MP 'appalled' at widow fund axing
Reporter: Iram Ramzan
Date published: 14 February 2017
MP Debbie Abrahams
OLDHAM East and Saddleworth MP Debbie Abrahams has criticised the Government's plans to cut the widowed parent's allowance from April this year.
Mrs Abrahams, who is also shadow work and pension secretary, made her comments on the BBC's Victoria Derbyshire programme alongside representatives from the charity Widowed and Young (Way), which offers support to anyone whose partner has died.
Under the current rules, bereaved families are entitled to the Widowed Parent's Allowance which draws on the deceased parent's National Insurance contributions to provide for their family until the youngest child leaves school.
However, April 6, 2017, it will be replaced by the Bereavement Support Payment, which provides support for just 18 months.
At the moment when a spouse or civil partner dies there is a £2,000 tax free sum then a monthly payment of £487 which is taxed.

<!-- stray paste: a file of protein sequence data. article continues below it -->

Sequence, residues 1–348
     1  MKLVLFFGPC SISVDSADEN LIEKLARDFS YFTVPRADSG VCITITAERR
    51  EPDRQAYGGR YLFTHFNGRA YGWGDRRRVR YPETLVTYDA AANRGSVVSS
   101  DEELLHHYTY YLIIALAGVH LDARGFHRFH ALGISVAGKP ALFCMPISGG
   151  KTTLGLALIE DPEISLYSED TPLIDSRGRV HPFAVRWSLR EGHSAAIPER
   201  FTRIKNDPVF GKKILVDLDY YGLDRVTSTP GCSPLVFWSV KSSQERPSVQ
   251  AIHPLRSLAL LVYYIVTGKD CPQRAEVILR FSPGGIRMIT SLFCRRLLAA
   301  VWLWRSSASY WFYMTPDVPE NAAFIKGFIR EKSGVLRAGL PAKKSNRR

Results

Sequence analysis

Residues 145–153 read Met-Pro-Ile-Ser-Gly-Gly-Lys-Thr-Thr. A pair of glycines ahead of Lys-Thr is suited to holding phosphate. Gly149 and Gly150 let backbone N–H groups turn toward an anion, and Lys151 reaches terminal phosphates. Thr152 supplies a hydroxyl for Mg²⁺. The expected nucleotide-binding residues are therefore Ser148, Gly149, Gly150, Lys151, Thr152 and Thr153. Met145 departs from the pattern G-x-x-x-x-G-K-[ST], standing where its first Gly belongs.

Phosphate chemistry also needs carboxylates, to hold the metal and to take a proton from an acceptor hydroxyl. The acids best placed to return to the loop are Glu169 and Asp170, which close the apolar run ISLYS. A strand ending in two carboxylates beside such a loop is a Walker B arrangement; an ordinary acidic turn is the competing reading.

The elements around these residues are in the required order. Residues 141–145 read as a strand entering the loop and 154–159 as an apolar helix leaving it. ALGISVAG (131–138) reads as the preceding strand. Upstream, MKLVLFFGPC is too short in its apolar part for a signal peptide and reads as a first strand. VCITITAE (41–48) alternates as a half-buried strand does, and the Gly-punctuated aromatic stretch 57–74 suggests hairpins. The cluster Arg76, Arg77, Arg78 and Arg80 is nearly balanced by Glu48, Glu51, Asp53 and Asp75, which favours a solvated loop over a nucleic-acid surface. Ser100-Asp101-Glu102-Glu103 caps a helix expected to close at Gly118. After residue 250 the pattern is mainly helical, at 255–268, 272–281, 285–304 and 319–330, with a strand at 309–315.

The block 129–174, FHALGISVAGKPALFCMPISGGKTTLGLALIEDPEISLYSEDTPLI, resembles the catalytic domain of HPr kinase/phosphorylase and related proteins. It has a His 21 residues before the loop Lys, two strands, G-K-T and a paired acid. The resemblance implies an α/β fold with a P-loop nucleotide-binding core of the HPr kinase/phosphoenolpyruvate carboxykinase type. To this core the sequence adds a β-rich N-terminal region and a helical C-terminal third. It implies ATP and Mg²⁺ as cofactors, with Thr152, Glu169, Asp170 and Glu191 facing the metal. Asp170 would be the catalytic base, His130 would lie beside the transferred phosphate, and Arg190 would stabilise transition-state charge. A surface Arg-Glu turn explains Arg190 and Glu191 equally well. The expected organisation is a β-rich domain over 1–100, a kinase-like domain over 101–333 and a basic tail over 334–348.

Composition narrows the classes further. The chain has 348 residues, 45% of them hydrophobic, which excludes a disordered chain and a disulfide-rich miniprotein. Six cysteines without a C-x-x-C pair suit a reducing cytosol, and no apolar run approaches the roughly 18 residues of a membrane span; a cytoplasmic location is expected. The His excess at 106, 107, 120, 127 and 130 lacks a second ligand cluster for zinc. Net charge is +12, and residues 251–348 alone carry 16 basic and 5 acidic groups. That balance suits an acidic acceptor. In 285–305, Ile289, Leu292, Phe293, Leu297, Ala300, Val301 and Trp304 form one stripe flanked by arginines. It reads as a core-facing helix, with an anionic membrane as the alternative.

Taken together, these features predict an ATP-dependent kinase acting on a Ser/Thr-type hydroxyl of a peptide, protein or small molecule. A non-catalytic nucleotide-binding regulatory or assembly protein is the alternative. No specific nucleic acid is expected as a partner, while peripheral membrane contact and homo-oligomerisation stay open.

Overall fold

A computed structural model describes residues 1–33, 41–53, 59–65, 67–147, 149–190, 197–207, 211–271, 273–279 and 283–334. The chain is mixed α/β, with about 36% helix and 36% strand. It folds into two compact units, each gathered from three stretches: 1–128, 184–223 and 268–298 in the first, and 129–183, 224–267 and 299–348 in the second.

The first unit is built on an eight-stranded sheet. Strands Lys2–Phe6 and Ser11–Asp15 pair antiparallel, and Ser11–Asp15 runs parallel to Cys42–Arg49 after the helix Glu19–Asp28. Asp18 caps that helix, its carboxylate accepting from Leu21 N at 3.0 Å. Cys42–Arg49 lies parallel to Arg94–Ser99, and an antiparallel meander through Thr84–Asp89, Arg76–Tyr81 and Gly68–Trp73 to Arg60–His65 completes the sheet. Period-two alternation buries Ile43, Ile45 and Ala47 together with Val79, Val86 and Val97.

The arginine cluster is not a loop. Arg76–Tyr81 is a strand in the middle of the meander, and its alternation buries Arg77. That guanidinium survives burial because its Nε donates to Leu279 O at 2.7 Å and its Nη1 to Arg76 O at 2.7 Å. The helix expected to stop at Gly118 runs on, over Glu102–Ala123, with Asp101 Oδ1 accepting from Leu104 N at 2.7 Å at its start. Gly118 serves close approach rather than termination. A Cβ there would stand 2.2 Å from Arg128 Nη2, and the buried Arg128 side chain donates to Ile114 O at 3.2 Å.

Under the new system the tax free lump sum goes up to £3,500 followed by 18 monthly payments of £350.
If someone is currently on this allowance their payments will not be affected.
The Government had originally planned to end bereavement support after just one year, but extended the scheme following a public consultation.
The payments will be tax free and exempt from the benefits cap, while the poorest out-of-work families with children are expected to see an increase in the cash value of their awards. Furthermore, the bereavement payments will now be available to widows and widowers without children for the first time.
Way claims that the new plans will still leave 91 per cent of parents worse off than they would be under the current system.
Mrs Abrahams explained that the cut to the widowed parent's allowance will impact on child poverty, saying: "We know that three quarters of the parents who are bereaved and their children, around 40,000, who were affected in 2015 will lose, on average, about £17,000 and this compounds the grief that they're experiencing.
"It really is a new low for the Government.
"It's not going to be uprated with inflation; there's going to be conditionality. So six months after someone has been bereaved, although this payment will go on for 18 months, they have to demonstrate that they're actively looking for work. It really is absolutely appalling."
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